Breaking The Rx Code: 2 Websites Aim To Find You Lowest Cost For Meds

MINNEAPOLIS (WCCO) — For some, prescriptions can run hundreds, if not thousands of dollars a month. Prices for the most common drugs have soared more than 200 percent in the last 10 years.

Now, some are finding relief and saving money online. Two websites claim to have cracked the prescription pricing code that has for so long been surrounded by mystery.

WCCO put them to the test and found with a few clicks, a discount could be as close as your local pharmacy.

At the age of 36, doctors discovered a benign tumor growing in Jon Jablonski’s inner ear. His growing family was beyond grateful. But a nine-hour surgery to remove it lead to new problems, a pinched sciatic nerve that’s lead to lasting pain and a prescription that costs him $462 a month to control it.

“This is a 30-day supply of Lyrica,” Jablonski said. “For a lot of people that’s a payment of some sort.”

Now, some websites and smartphone apps promise to shake up the prescription drug industry and get people like Jablonski the lowest price.

GoodRX constantly collects drug prices at pharmacies from around the country. Punch in your prescription and it connects customers to coupons you take to your local pharmacy to help you pay.

Another called Blink Health gets drug prices straight from the drug maker. Customers pay online then pick up the prescription at nearly any pharmacy.

We talked with co-founder and co-CEO of GoodRX Doug Hirsch.

“I think it’s the future of all healthcare,” he said.

He left his job at Facebook to tackle the rising cost of prescription drugs after his own personal experience.

“At that point I had young kids and I wanted to see if I could focus my efforts on something that was really affecting the community around me,” Hirsch said.

Hirsch’s app focuses on data mining, collecting pricing from some 70,000 pharmacies to find the lowest price with coupons.

In most cases, pharmacies keep those coupons on file so you’ll continue to pay the same, lower price.

“If you’re buying drugs in this country you’ve got to do your homework,” Hirsch said.

University of Minnesota Professor Stephen Schondelmeyer has studied the rising cost of prescription drugs for decades as a professor of Pharmaceutical Economics in the College of Pharmacy.

“I’m not talking about five or 10 percent price increases. I’m talking about 100 to 1,000 percent or more increases in price,” Schondelmeyer said.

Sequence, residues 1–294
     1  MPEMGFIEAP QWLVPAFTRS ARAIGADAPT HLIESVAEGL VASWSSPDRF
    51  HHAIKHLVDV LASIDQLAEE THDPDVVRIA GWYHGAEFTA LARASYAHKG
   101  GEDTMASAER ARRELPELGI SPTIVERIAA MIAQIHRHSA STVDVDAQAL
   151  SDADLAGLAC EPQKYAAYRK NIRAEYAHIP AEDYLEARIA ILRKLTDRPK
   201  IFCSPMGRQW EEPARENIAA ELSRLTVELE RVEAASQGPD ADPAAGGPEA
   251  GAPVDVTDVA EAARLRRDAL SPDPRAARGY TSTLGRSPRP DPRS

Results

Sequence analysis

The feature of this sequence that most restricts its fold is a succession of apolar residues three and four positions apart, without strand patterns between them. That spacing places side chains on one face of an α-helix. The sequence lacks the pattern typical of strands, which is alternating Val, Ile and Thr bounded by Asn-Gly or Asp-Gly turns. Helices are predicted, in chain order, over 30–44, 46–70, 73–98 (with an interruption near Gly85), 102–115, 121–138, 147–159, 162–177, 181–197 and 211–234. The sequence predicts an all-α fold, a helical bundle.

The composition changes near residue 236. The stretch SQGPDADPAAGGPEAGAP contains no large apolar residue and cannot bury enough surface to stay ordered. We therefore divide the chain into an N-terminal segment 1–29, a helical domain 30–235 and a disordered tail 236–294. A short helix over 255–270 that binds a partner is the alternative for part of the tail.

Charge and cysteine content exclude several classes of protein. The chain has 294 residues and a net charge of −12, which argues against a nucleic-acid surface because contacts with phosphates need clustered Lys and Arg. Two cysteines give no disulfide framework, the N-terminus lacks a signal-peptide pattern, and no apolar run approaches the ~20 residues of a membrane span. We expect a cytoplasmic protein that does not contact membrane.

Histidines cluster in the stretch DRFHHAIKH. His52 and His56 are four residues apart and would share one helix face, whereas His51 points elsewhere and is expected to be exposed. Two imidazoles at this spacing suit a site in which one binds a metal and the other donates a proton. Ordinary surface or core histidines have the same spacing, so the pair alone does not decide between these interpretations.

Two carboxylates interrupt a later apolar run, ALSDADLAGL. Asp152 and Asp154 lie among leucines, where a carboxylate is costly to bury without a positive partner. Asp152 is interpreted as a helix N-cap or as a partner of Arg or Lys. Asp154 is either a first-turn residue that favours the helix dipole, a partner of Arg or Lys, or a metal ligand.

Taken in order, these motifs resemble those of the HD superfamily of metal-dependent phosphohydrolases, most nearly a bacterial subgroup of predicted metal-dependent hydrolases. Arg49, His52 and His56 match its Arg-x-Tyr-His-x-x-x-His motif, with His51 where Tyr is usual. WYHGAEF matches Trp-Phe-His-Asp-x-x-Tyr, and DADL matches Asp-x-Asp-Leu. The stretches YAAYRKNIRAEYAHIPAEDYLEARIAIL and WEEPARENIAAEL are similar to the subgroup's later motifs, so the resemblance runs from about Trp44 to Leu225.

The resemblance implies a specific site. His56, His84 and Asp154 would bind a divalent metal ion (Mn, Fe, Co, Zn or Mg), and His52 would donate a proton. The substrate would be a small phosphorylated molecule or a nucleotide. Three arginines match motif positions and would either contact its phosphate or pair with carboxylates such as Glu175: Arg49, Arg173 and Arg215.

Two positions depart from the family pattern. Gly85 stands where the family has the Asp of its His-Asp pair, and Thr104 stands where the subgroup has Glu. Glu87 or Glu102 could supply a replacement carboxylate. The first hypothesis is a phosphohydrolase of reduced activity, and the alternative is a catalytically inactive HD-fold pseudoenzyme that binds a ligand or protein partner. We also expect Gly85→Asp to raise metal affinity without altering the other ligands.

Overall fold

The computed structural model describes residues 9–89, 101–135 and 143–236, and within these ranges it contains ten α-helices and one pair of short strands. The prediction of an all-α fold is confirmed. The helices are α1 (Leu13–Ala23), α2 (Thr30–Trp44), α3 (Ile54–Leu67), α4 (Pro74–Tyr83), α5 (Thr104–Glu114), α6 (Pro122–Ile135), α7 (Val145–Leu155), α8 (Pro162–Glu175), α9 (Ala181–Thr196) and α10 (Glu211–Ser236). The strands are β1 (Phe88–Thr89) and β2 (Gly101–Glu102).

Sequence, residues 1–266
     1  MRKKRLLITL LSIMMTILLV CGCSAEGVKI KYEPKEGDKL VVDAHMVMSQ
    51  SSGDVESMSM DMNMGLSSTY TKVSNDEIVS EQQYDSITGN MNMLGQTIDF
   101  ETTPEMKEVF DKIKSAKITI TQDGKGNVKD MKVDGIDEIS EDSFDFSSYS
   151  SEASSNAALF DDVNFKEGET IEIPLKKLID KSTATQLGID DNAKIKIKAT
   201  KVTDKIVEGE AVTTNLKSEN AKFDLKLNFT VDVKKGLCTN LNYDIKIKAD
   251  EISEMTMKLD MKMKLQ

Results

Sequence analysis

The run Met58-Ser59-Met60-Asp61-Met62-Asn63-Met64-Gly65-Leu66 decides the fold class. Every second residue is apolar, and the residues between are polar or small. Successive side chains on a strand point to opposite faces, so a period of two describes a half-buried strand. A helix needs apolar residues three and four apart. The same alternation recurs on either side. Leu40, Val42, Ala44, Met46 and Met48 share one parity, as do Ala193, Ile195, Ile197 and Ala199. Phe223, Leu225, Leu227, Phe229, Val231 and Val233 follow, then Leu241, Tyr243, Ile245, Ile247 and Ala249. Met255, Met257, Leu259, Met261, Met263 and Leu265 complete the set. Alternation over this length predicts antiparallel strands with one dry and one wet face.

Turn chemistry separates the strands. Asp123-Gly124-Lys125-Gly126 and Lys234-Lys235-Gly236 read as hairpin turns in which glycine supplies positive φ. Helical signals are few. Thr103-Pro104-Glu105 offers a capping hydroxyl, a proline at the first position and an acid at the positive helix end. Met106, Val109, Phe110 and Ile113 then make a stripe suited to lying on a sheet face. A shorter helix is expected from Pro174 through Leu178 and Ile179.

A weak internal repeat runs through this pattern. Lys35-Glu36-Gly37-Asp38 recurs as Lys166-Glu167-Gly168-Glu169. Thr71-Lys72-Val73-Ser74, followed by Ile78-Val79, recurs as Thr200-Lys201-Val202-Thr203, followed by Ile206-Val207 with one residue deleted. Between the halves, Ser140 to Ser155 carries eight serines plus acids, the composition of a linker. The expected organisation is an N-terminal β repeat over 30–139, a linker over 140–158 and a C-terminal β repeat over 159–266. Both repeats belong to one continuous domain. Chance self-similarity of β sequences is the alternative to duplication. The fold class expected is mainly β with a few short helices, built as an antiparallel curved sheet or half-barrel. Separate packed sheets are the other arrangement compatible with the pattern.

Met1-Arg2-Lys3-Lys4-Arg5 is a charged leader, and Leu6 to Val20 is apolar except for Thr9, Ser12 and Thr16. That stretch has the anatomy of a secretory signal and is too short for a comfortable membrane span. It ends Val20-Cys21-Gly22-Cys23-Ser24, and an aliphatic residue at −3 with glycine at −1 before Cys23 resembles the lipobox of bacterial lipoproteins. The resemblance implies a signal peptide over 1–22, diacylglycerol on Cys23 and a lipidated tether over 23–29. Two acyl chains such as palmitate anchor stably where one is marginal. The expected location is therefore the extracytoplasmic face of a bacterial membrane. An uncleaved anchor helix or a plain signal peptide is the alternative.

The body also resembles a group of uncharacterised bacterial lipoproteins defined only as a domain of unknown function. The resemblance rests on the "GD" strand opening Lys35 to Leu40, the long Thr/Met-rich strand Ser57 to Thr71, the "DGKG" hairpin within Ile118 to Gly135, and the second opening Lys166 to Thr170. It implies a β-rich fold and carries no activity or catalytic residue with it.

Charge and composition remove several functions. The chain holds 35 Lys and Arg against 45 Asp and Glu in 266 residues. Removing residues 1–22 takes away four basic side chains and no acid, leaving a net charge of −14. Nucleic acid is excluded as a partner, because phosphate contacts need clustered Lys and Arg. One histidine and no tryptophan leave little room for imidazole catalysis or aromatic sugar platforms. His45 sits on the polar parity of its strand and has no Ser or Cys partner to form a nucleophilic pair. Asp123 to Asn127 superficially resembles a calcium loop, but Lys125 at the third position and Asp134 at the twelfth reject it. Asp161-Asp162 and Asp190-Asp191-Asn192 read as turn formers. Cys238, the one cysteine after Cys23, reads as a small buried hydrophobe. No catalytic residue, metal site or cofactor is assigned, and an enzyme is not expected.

That’s because there is no process in the U.S. that regulates, monitors or sets drug prices.

“It’s like the cowboy wild west,” he said.

With so many players that have a stake in the game, drug companies sometimes hire a firm to push a doctor to prescribe their product. Your doctor then choses the drug for you and sometimes a pharmacy representative is also working behind the scenes. It’s manpower we all eventually pay for.

“If it was just the drug company making it and shipping it to the pharmacy and the pharmacy selling you the drug that would be a pretty simple system,” Schondelmeyer said.

Schondelmeyer tells patients it’s never a bad idea to look around for a better deal but believes savings on these type of sites are often exaggerated.

“Sometimes things are too good to be true,” he cautioned.

He thinks they play up the price of a generic drug vs. a brand name, where you’ll see that kind of advertised 80 to 90 percent price difference.

Still, we gave it a shot with Jon Jablonski.

Remember, he was paying $462.99 for a 30-day supply of Lyrica. On Blink Health, we found him a $415 price, a $50 savings.

“$50 is quite a bit,” he said.

GoodRx gave the best deal: $382 at the local Target with an online coupon that’s $81 off the regular price.

“Yeah, that’s really good,” Jablonski said.

He will now be checking both before he buys — considering it a bit of pain control to his bottom line.

Finding the best deal online is one thing, but actually buying your prescriptions is another. It’s something the FDA warns consumers about.

The National Association of Boards of Pharmacy found nearly 96 percent of online pharmacies were selling drugs illegally. The government says medicine from an illegal site could be fake, expired, or the wrong dosage and sometimes the sites are used to steal your financial information.

More from Liz Collin
Comments

One Comment

  1. Jack Hackney says:

    I’d imagine that for many an illegal prescription, an expired one or any option is better than these flippn rip off artists making it sooooo expensive many just cannot even buy the meds.
    Biggest farce ever – EVER – to hit America was the ACA as it stands.
    If you sucking on the system you love it – if you have to pay your way on your dime you mostly today are uninsured. Even if you can afford the $1500/mo for insurance you still have that $6800 deductible. Well done Obummer and his Band of slimeballs

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